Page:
How Can I Minimize All This Paper?
Evelyn Menendez has had it. ?I can’t take the clutter of paper at my home office,? the New Jersey woman complained. ?I?m also allergic to dust, and that paper collects a lot of that.?
She knows clearing out the paperwork would lighten her load, not to mention make it easier to breathe. But she doesn?t want to toss something she may eventually need. ?What can I throw away? What should I keep, and how long should I keep it?? she asked.
Try creating three categories: things you need now, things you may need later and things you can throw away.
Toss the obvious: expired warranties, instruction manuals for products you no longer own, copies of checks for cash or nondeductible expenses. You can also throw away weekly or biweekly pay stubs, once you have a W-2 form for the year they were issued.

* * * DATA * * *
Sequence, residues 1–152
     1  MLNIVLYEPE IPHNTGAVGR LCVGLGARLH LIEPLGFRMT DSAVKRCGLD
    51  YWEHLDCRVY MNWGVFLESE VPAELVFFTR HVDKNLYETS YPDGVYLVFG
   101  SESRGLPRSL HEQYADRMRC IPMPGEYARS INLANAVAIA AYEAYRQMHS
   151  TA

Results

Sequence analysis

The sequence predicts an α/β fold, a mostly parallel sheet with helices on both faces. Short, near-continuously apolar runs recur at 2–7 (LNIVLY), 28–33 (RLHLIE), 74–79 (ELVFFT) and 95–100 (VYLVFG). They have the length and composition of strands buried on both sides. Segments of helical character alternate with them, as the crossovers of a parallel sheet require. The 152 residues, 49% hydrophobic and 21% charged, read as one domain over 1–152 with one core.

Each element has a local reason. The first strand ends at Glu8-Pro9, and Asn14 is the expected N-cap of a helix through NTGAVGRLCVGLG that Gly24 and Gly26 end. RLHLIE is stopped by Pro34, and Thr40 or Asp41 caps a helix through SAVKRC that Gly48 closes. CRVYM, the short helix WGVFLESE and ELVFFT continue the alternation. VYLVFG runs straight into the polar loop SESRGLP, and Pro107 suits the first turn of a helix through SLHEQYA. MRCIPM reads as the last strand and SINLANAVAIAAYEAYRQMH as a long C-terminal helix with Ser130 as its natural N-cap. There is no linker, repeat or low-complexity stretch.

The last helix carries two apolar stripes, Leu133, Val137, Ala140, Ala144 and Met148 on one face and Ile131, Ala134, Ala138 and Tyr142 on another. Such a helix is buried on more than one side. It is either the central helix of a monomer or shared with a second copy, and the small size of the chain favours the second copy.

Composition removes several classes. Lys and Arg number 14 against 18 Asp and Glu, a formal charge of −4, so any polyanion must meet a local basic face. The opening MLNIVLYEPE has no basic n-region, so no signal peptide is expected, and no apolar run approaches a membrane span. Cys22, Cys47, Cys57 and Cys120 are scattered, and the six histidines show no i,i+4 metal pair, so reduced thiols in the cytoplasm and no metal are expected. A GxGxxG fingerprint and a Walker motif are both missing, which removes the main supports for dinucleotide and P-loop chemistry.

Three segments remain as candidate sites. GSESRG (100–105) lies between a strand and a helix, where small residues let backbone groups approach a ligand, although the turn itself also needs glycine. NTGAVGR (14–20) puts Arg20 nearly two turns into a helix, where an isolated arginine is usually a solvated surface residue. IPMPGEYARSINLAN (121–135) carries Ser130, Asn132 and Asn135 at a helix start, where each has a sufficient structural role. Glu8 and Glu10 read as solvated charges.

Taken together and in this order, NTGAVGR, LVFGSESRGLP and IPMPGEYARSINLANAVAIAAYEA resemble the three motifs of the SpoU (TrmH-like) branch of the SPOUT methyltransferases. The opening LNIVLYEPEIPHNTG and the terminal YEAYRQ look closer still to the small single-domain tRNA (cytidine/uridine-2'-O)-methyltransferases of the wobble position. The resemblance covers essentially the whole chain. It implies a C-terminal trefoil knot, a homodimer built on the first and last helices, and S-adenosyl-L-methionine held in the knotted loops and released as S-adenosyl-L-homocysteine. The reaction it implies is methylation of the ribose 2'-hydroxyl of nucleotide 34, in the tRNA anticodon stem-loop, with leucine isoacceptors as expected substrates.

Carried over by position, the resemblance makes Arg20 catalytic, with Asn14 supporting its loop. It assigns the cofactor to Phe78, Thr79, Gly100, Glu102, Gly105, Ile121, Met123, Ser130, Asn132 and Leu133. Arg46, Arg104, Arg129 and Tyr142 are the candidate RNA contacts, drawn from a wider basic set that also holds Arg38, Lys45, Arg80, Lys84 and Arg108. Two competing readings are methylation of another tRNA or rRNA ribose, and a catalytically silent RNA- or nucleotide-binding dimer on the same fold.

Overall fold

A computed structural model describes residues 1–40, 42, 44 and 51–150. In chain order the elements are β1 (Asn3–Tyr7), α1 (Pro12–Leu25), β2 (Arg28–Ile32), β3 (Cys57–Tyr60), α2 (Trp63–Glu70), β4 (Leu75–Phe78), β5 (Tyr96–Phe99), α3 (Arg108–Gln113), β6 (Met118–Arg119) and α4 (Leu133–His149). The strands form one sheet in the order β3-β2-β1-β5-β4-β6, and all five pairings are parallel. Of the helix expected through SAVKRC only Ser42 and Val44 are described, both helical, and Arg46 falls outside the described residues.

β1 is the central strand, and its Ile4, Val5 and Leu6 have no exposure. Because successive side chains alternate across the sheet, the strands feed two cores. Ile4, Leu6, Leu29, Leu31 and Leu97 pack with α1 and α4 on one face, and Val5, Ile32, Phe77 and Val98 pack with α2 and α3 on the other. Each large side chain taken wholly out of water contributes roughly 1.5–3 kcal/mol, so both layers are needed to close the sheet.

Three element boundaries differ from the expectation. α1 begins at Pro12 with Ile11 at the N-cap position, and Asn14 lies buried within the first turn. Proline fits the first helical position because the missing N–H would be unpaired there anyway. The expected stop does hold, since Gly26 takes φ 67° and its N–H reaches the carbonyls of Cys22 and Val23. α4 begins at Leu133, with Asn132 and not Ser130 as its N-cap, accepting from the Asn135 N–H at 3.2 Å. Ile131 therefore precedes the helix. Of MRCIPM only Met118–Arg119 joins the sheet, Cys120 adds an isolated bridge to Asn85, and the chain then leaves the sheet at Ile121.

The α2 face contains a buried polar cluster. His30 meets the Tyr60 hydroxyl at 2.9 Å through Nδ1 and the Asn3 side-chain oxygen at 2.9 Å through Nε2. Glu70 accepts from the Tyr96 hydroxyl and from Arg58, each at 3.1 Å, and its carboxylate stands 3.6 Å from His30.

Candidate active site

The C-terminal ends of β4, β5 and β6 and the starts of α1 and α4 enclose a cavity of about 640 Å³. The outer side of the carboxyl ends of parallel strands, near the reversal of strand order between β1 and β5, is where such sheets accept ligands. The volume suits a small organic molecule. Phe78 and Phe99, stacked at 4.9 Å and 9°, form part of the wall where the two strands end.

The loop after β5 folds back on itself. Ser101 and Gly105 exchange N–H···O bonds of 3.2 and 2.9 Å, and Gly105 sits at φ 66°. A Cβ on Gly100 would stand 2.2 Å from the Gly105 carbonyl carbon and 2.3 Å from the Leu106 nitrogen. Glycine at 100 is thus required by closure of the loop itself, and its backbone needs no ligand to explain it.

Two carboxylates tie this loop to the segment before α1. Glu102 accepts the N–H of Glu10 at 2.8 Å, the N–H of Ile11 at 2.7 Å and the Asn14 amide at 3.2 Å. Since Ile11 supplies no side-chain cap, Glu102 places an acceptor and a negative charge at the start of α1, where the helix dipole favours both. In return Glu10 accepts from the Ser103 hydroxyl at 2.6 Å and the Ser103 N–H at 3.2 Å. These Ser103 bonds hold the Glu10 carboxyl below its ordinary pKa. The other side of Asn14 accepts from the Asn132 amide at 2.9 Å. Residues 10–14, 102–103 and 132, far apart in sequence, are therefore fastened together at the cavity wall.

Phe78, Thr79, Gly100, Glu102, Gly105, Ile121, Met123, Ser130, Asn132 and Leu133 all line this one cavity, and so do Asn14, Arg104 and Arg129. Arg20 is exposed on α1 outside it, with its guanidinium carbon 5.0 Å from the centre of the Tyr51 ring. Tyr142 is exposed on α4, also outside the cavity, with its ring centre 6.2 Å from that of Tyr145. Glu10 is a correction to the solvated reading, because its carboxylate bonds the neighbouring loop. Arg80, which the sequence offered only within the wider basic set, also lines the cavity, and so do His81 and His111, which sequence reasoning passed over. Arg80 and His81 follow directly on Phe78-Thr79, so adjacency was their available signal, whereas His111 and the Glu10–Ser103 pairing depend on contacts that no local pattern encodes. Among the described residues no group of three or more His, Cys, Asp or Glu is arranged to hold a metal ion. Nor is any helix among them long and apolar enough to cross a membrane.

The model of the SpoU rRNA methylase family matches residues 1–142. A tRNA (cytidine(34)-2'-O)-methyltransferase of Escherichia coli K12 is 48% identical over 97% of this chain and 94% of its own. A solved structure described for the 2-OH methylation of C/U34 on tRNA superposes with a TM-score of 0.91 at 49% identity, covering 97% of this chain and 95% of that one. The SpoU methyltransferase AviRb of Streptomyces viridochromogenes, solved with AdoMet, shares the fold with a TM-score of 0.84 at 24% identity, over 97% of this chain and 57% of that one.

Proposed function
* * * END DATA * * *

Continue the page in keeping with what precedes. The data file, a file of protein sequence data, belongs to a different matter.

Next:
In most cases, the IRS has three years to audit federal income tax returns. So keep income tax returns, and all the documentation you need to support your deductions, in an easily accessible place for at least three years from the date of filing.
Put unpaid bills, receipts for bills you paid, current bank statements, insurance benefit information, family health records and credit card information in your active file for easy access. You should also have easy access to identification for all family members, such as driver?s licenses, Social Security cards, passports and birth certificates.
You can put many documents in short term storage?that is, someplace easy to access, just not at your fingertips. They include appliance manuals and warranties (with the sales receipt attached), copies of educational records, including transcripts, loan statements, safe deposit records, wills and medical directives, and titles to cars and other big ticket items.
If you?re short on space, consider scanning and storing your documents electronically. Store the originals for safe keeping. You can get more information about record-keeping from the Federal Citizens Information Center.